Leading up to the Rangers and Penguins first round match up on Wednesday evening, the boys from Pittsburgh find themselves in a strange situation. Their starting goaltender, Marc-Andre Fleury, practiced yesterday, but is unconfirmed to make it back in time for game 1. Their backup, and highly touted rookie, Matt Murray, is day-to-day after having his bell rung by Braden Schenn in game 81. He is also unconfirmed to be available for the start of the postseason. They have last year’s backup Jeff Zatkoff ready to go, and have called up (slightly less highly touted) rookie Tristan Jarry, just in case.

This puts me in a bit of a bind, since I generally will do a comprehensive goalie breakdown of the tender slated to oppose the Rangers in any given playoff series. Considering this, I’m going to give you a mini-breakdown of all four, so you are covered no matter who is manning the Penguins’ crease. My normal format isn’t going to work for this type of breakdown (you’d be reading for a long while), so I’m going to do a truncated style overview of each goaltender.

Marc-Andre Fleury



I did a pretty comprehensive style analysis of Fleury before last postseason, which you can read here. Consider this section an addendum to that breakdown.

The only thing that has really changed with Fleury over the past year is that he has seemed to finally be a little more comfortable with his own skill set. What does that mean? Well, I’m not in his head, obviously, but I always got the impression watching him that he felt the need to live up to that “Number 1 Overall Pick” label and tried to do too much. This lead to over-committing on plays and relying too heavily on low percentage save techniques, which ended with Fleury out of position far too often.

This season, he seems to understand his role and has played more within himself. His positioning and movement is far more disciplined and has a greater level of poise and patience. He will still flash his athleticism and high-end mobility, but doesn’t allow it to take over what he is doing.

He still tends to get overwhelmed when facing too many options (short side shot versus lateral pass, backdoor pass versus trailer, etc.), which could be exploited if the Rangers get the looks they want.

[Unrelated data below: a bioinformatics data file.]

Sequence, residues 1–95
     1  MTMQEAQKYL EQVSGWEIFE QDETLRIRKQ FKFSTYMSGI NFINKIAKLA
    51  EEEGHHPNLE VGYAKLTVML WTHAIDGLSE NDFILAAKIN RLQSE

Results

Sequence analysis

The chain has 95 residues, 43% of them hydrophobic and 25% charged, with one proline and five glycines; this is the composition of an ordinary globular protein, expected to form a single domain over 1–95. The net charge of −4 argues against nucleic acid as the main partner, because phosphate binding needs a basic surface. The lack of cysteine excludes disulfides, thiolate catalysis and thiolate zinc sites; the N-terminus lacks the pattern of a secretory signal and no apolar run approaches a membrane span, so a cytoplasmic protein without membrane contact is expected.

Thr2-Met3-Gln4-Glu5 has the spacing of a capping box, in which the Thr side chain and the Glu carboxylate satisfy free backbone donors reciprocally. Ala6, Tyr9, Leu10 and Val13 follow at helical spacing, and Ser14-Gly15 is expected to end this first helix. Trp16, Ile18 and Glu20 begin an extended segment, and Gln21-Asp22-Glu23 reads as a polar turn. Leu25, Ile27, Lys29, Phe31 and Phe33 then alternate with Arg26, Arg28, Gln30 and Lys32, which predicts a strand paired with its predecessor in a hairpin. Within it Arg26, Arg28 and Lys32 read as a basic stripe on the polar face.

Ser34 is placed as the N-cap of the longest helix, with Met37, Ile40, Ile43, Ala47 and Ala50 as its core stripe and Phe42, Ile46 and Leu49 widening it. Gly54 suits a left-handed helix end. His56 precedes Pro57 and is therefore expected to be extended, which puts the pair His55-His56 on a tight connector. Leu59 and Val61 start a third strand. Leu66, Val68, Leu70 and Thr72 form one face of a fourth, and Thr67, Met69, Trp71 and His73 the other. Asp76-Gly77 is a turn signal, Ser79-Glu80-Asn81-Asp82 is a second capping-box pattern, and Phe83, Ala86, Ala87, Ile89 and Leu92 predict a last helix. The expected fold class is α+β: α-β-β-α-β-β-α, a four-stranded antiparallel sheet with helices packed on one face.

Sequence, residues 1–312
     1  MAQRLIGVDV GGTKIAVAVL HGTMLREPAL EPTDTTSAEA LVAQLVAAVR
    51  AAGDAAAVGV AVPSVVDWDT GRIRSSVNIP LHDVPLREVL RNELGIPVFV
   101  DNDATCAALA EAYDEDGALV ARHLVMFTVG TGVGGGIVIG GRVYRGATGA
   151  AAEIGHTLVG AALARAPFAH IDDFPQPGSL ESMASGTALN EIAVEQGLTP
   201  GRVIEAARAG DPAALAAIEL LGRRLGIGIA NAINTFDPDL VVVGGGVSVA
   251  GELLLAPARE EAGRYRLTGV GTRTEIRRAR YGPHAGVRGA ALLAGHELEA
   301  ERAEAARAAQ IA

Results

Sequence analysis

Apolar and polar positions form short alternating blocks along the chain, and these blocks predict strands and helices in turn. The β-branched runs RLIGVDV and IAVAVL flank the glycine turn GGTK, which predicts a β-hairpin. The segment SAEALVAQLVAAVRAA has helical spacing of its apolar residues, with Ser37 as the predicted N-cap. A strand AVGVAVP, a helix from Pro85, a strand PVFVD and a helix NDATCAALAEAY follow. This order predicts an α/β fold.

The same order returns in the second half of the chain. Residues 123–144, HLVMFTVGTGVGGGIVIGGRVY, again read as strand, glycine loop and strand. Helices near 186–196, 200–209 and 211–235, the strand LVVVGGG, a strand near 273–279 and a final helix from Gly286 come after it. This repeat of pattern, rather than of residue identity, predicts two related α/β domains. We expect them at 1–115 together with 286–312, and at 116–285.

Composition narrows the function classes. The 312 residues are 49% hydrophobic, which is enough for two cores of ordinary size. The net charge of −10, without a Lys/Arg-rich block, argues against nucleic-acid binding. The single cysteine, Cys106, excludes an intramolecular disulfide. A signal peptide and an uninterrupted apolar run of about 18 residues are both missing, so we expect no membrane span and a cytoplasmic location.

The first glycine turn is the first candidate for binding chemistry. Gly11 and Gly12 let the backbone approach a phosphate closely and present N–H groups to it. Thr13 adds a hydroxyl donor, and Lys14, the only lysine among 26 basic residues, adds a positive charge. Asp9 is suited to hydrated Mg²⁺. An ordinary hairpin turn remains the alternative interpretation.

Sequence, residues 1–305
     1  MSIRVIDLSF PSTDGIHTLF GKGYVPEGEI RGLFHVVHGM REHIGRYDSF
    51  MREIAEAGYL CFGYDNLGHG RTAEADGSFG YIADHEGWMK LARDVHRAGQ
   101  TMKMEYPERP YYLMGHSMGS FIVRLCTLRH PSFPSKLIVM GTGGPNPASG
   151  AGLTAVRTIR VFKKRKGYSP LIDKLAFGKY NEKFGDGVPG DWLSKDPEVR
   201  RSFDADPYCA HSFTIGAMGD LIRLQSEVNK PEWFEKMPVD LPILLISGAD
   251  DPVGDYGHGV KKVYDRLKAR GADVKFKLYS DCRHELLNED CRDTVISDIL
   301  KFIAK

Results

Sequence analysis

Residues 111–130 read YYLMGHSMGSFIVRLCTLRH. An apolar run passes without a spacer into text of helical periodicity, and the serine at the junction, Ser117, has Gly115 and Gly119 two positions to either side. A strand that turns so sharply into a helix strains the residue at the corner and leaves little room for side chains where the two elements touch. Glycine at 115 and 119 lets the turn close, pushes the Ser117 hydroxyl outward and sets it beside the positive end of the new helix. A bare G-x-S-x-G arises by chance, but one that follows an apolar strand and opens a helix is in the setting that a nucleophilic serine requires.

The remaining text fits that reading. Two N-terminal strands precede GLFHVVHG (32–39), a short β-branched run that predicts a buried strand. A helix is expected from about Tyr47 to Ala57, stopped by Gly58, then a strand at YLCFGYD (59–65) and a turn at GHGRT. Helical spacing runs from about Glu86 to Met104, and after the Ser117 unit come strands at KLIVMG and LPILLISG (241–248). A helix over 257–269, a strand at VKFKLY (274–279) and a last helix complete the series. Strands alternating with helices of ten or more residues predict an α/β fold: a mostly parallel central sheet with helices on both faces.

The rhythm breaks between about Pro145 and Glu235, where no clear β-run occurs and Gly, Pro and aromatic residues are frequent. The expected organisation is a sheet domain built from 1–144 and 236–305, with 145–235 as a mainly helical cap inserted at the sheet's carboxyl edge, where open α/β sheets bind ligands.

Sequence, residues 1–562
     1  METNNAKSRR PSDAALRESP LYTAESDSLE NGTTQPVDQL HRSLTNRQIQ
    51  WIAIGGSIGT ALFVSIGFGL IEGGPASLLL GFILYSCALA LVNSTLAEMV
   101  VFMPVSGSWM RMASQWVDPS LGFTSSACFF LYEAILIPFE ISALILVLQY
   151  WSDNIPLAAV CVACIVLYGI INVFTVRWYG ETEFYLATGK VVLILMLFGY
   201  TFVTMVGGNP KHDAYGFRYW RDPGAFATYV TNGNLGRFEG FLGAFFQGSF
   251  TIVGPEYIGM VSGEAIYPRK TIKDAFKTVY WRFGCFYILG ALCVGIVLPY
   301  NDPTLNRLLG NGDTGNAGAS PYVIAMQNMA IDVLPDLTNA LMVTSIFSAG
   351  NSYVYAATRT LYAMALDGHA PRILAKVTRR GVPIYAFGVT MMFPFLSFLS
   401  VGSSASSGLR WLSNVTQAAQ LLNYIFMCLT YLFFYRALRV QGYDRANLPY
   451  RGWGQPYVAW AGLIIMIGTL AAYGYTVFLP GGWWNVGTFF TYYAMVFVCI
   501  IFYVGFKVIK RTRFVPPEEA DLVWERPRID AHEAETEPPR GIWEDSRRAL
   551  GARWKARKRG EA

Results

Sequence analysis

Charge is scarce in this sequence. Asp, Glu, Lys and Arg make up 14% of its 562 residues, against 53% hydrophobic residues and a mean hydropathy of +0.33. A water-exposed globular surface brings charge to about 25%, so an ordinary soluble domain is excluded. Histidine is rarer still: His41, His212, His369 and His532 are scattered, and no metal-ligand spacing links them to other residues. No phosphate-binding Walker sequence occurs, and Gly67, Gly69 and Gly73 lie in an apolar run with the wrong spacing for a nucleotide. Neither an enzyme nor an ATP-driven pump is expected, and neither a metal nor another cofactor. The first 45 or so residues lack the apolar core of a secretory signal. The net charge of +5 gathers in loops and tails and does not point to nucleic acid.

Matt Murray



The Penguins’ 3rd round draft choice in 2012, the highly talented Murray has pretty much laid waste to the AHL at this point. He is tall (6’4”) and lanky (178lbs) and checks all the boxes that goaltending evaluators look at in a future impact starter. He displaced incumbent backup Jeff Zatkoff earlier this season and put up tremendous numbers in limited time this year.

The hallmarks of Murray’s game are a sound positional foundation, tremendous athleticism and his vision allows him to make quality reads and adjustments. He is not one to be taken lightly.

If Fleury is unable to go, Murray gives the Penguins the best chance to win. It will be trial by fire for him in the NHL playoffs, but he certainly has the talent to frustrate New York, especially if their predictable offensive schemes go unadjusted.

Jeff Zatkoff

Zatkoff (USA Today)

Zatkoff (USA Today)

Zatkoff signed with Pittsburgh back in 2012 after a four-year stint in the Kings organization (former 3rd round pick), and has spent time both in the NHL and AHL over the past few seasons. When Thomas Greiss left as a free agent, Zatkoff seized the crease as Fleury’s backup before the emergence of Matt Murray.

Zatkoff will be 29 this summer and has steadily developed (albeit slowly) during his AHL career. He has a fairly impressive skill set for what amounts to a journeyman (minus the movement) career to this point. He boasts solid athleticism and technical prowess, but his rebound control and reads leave something to be desired.

The Pens could do a lot worse for their third string goaltender, but if he is the guy who has to carry the load for the Pens, they could be in trouble.

Tristan Jarry



Called up in the wake of the Murray injury, the former 44th overall pick should really just be Zatkoff insurance. Jarry is a very solid goaltending prospect, but has just 33 pro games under his belt and probably shouldn’t be counted on to win a playoff series at this point. What I will say about Jarry, though is that he is a testament to the Penguins’ goaltending depth that we are talking about a fourth string goaltender who would still probably be capable of handling an NHL playoff series with some upside.

I know this probably wasn’t the ideal format to explore the goaltending options for Pittsburgh, but such is life. I would be more than happy to expound upon any specific questions anyone has in the comments if you are looking for more information. Hopefully we have a little more clarity on the Rangers’ actual opposing goaltender in the next day or so.


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